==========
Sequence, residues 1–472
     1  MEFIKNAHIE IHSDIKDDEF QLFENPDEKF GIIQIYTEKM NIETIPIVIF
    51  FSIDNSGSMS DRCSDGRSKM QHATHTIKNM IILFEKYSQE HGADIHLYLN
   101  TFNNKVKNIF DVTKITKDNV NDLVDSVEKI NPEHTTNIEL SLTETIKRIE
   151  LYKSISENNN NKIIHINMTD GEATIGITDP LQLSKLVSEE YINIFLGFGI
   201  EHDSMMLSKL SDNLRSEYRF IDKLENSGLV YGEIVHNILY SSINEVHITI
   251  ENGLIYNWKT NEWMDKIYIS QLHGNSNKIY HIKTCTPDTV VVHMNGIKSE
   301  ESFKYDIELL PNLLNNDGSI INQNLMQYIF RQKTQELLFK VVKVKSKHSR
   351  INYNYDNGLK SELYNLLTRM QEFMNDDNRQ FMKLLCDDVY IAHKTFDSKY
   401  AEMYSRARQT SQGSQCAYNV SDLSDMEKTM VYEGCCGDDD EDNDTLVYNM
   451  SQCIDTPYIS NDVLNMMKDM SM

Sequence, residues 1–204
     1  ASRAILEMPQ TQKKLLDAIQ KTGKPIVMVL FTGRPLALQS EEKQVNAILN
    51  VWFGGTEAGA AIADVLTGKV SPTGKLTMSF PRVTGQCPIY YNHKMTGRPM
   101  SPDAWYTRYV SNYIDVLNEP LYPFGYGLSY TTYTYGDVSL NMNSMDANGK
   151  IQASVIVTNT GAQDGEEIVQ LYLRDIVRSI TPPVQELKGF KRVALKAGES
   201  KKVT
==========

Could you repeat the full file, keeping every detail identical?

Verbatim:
Sequence, residues 1–472
     1  MEFIKNAHIE IHSDIKDDEF QLFENPDEKF GIIQIYTEKM NIETIPIVIF
    51  FSIDNSGSMS DRCSDGRSKM QHATHTIKNM IILFEKYSQE HGADIHLYLN
   101  TFNNKVKNIF DVTKITKDNV NDLVDSVEKI NPEHTTNIEL SLTETIKRIE
   151  LYKSISENNN NKIIHINMTD GEATIGITDP LQLSKLVSEE YINIFLGFGI
   201  EHDSMMLSKL SDNLRSEYRF IDKLENSGLV YGEIVHNILY SSINEVHITI
   251  ENGLIYNWKT NEWMDKIYIS QLHGNSNKIY HIKTCTPDTV VVHMNGIKSE
   301  ESFKYDIELL PNLLNNDGSI INQNLMQYIF RQKTQELLFK VVKVKSKHSR
   351  INYNYDNGLK SELYNLLTRM QEFMNDDNRQ FMKLLCDDVY IAHKTFDSKY
   401  AEMYSRARQT SQGSQCAYNV SDLSDMEKTM VYEGCCGDDD EDNDTLVYNM
   451  SQCIDTPYIS NDVLNMMKDM SM

Sequence, residues 1–204
     1  ASRAILEMPQ TQKKLLDAIQ KTGKPIVMVL FTGRPLALQS EEKQVNAILN
    51  VWFGGTEAGA AIADVLTGKV SPTGKLTMSF PRVTGQCPIY YNHKMTGRPM
   101  SPDAWYTRYV SNYIDVLNEP LYPFGYGLSY TTYTYGDVSL NMNSMDANGK
   151  IQASVIVTNT GAQDGEEIVQ LYLRDIVRSI TPPVQELKGF KRVALKAGES
   201  KKVT